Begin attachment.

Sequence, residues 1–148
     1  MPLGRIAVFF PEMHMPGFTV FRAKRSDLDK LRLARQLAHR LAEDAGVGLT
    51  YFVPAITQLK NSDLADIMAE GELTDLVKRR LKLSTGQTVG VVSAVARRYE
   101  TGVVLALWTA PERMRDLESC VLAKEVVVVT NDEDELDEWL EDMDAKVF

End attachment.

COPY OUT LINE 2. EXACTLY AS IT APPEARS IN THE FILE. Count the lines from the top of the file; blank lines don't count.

     1  MPLGRIAVFF PEMHMPGFTV FRAKRSDLDK LRLARQLAHR LAEDAGVGLT